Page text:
In Britain, The Social Animal can be used to reinforce a Burkean conceit of sound government. The reality has long been a succession of dodges, slogans and ephemeral “initiatives” which serve to conceal the government’s inability to control—or for that matter understand—history as it happens. Here too the fact that it gives no clear guidance may be the book’s principal strength. Brooks cites Michael Oakeshott’s observation that in politics we “sail a boundless and bottomless sea; there is neither harbor for shelter nor floor for anchorage, neither starting place nor appointed destination.” It is a refreshing reminder of what conservative thinking might once have been. But Brooks would have done better to cite another passage from the same volume, where the skeptical British philosopher notes that
there seems little to stand in the way of the appearance of a vulgar counterpart to this literature of political inquiry. . . . A little book on How to Restore old Cottages may be flanked on the bookstalls by one on How to Restore old Monarchies; an article on “A face-lift for the kitchen: new and exciting materials” in a Do It Yourself magazine will be followed by others on “Dos and Don’ts in making a Revolution,” “How to win an Election.”
Oakeshott comments that “writings of this kind (with perhaps less obvious titles) have been available for more than a century.” It is doubtful, though, whether Oakeshott envisioned a book like The Social Animal: an instruction manual for politicians, the chief virtue of which is that it is practically useless.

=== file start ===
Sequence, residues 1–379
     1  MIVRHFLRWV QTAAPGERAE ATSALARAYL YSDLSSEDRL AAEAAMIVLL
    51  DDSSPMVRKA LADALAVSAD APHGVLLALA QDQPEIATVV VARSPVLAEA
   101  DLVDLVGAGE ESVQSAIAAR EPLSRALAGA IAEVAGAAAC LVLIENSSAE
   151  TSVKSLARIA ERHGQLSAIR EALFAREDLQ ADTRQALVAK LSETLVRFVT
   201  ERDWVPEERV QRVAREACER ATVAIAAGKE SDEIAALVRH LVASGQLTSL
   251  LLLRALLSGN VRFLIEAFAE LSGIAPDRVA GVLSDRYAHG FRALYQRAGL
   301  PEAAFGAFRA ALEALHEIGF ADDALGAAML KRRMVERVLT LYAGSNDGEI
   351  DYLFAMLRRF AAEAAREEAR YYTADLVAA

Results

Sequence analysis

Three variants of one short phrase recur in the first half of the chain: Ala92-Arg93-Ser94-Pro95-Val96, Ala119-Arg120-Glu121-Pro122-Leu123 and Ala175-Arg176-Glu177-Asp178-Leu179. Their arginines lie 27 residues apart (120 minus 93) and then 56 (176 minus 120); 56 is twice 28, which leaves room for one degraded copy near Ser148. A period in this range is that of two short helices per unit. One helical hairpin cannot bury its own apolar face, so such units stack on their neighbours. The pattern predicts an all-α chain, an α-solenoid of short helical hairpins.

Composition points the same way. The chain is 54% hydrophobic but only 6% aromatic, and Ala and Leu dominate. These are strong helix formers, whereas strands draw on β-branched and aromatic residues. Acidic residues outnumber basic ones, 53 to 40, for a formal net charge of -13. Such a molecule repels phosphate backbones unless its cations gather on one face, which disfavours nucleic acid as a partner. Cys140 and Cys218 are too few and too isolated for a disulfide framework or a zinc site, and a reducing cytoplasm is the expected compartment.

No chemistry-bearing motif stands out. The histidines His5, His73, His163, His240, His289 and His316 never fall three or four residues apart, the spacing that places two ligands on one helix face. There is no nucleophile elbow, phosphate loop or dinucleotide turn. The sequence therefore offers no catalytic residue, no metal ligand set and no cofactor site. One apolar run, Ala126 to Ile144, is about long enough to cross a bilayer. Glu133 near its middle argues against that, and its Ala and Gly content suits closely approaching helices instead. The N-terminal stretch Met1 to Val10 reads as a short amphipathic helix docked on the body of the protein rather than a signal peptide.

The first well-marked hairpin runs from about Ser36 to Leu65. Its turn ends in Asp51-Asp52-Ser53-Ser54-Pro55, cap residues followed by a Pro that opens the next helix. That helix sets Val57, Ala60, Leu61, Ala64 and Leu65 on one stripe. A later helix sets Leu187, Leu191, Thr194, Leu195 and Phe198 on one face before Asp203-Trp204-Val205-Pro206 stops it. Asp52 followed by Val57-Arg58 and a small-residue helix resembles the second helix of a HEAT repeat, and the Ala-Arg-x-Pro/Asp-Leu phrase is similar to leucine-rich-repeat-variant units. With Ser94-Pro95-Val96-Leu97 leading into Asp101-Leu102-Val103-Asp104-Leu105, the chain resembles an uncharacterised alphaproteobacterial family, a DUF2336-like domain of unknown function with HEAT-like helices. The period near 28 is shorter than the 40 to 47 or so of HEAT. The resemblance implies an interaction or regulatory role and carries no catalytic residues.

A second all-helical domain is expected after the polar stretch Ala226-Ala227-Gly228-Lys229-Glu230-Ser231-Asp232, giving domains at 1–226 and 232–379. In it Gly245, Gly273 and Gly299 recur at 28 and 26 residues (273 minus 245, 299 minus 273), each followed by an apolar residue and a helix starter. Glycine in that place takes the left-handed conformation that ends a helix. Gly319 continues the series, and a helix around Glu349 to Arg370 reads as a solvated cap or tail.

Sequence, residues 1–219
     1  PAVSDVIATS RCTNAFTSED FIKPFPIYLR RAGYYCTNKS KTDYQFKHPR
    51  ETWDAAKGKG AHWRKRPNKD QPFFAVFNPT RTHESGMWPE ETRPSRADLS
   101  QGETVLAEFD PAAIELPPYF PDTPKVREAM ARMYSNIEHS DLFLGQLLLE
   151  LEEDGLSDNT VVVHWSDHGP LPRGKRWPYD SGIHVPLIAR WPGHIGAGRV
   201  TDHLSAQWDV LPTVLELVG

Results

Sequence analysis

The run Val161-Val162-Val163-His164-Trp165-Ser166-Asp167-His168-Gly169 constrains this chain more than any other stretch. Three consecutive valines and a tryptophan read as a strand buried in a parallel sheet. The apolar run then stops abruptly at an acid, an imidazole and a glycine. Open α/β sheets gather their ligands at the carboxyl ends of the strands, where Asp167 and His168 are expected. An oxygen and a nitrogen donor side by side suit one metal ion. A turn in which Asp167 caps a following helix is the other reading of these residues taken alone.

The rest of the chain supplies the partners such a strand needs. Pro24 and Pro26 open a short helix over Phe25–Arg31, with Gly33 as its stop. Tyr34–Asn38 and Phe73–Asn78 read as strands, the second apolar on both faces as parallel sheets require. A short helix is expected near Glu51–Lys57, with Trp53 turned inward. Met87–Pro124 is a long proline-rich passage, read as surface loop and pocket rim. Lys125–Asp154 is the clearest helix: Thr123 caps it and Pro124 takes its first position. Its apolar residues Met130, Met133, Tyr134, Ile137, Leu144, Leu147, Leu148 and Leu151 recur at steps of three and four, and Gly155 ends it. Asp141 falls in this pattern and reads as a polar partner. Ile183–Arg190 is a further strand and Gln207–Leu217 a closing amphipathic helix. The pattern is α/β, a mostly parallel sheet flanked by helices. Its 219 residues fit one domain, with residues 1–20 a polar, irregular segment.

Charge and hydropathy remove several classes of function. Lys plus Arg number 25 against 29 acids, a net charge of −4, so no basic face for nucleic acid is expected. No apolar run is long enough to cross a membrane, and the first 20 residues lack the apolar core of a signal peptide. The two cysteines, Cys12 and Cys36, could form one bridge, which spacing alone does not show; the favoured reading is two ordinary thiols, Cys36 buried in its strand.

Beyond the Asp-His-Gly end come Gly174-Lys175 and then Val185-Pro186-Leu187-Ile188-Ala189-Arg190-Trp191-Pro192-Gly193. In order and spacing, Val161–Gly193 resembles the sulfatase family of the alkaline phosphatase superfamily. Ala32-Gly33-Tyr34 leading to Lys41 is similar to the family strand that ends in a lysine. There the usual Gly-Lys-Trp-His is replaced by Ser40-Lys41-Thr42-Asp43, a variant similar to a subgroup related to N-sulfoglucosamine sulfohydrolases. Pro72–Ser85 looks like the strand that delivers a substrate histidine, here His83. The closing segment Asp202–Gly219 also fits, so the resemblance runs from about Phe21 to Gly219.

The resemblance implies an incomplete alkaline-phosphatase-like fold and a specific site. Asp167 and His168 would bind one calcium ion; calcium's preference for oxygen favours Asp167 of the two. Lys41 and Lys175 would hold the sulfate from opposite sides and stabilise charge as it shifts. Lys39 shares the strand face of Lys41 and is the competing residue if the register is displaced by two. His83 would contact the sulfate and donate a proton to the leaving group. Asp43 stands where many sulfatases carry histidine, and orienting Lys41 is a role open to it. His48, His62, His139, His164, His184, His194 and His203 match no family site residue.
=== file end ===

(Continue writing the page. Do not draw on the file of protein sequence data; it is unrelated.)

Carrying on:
This appealing emptiness will not ensure the book’s longevity, however. Soon enough, Brooks’s manual of positive thinking will be consumed and discarded. History will move on and yesterday’s gurus will be remaindered and forgotten. But if Brooks’s book will hardly be remembered, the reverence with which it has been received tells us something important about how we have come to be ruled. The Social Animal is an exemplar of political discourse as we know it today; the chief function is to distract attention from intractable realities, which governments and those they govern prefer not to think about.Pullquote: Brooks is attempting to sell the world his brand of positive thinking. It is a morality tale of the most transparent—and unconvincing—kind.Image: Essay Types: Book Review